For Loki, it is a similar situation. He's made a deal with the devil, and even if he wanted to stop (which is debatable), it's not clear that he could. A lot of what Loki says is pure bullshit; he's the god of mischief and trickery. It would also be extremely easy for him to convince his dear brother Thor that Thanos manipulated his mind and made him act in a way that killed a bunch of people. Thor would believe his brother, and Loki is a talented liar. However, there is some evidence of fear in Loki. Did fear really make him accept the bargain? Or did the fear come after the deal was struck? What if he really did want to back out of it? What if Thanos had to exert some influence over him to get him to do certain aspects of his plan? When Loki fell through the void, he had just experienced an emotional trauma (finds out he was adopted, kills his biological father, tries to kill his adopted father and brother, and nearly destroys an entire realm of beings because of his own self-loathing after finding out that the race he was taught to fear was the race he belongs to), leading to his attempted suicide into the void (again, I've heard whether or not Loki thought he would die debated). After that, was he capable of making rational decisions?

Ultimately, I am left with one question-- If a person is being influenced, even in the smallest measure though mind control or mystical object, does that negate all of that person's ability to consent? If it pushes their desires to the forefront of their mind and make them act in a way that is obviously the way the controller wants them to behave (otherwise, why would the controller need to influence them at all?), are they truly consenting? What about when they want to stop being controlled, and they can't stop it? These are a lot of vagaries with Loki, just as there were a lot of vagaries with BtVS-- Willow's mind-wipe of Tara, Jonathan's Superstar twins, Buffy ripping off Spike's cloths during the Gone home-invasion, and the Buffy/Riley poltergasm episode just to name a small portion of the consent issues during the seven seasons. I guess I'm not surprised to see these sorts of issues come up again in Whedon's other work, and I just wonder where things will go from here. The writing of Loki's next appearance will be up to non-Whedon persons and Kenneth Branagh (who I trust as a director more than Whedon), so it will be interesting to see where things will go. Branagh seems to have a more sympathetic touch with Loki's character, so I guess we'll find out what is in store for Loki Liesmith in November 2013 (unless he shows up in the Easter eggs at the end of any of the other Marvel films before then).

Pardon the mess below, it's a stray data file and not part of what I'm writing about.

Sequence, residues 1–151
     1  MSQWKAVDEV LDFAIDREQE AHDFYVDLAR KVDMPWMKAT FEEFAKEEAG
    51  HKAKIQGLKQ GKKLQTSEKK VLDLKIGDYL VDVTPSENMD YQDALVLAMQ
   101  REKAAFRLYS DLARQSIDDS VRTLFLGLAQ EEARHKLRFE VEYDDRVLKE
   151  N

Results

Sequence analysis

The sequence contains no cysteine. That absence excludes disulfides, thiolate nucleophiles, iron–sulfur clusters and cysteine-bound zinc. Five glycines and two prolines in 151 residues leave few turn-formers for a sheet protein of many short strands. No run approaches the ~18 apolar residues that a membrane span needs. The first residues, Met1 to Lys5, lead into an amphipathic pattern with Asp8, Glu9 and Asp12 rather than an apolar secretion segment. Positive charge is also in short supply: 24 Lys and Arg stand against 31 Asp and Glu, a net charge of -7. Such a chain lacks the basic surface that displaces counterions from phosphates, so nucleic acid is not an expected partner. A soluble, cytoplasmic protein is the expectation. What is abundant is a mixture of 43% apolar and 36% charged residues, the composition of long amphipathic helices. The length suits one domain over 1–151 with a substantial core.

From: [identity profile] spankingfemme.livejournal.com


Being a long time fan of Loki, I have seen a lot of his schemes play out. He's a god, and a bored one of mischief at that. Loki has always had jealousy issues with his family, but he has also always come back to his senses when anything outside himself was threatening them. (As with the Jotuns letting Laufey so close to kill him in front of his family to bolster himself as a hero in front of them because that's what he was going for. Destroy any association of himself with Laufey and prove himself worthy to his family. He wasn't counting on Thor showing up to destroy his hard work. I don't think he was being controlled by Thanos in Avengers, but I do see him going with the flow if he thought not doing so would be detrimental to his health. Loki is a complicated character, but he's far from innocent. That being said, he's also not beyond regret for his actions *evil grin* which leaves lots of room for redemption ;) I do hope they bring him back for more scenes in the next movies especially since he's gotten so much acclaim from the fans :)

From: [identity profile] fenderlove.livejournal.com


I remain in the camp of who just watches Loki in any of his various forms in profound fascination. Very interesting. I mean, leading up to the new Journey into Mystery, Loki sacrificed himself, even begging the All-Father for one last chance. Of course, isn't that the ultimate trick? His plans already have gone awry, and what better send off than to make himself appear the hero? And it worked. He's the hero and the villain of the piece, and there was enough love in Thor's heart to warrant bringing Loki back (though in a prepubescent form). Then we find out that Loki went all Voldemort and created a bird Horcrux. XD It's amazing, and I love it. Of course, his Golden Age form is profoundly hilarious. XD

From the official Thor 2 Twitter, there's apparently going to be a lot more of Loki. I'm curious about what they'll do with him. Of course, I hope it does not involve his lips being sewn shut.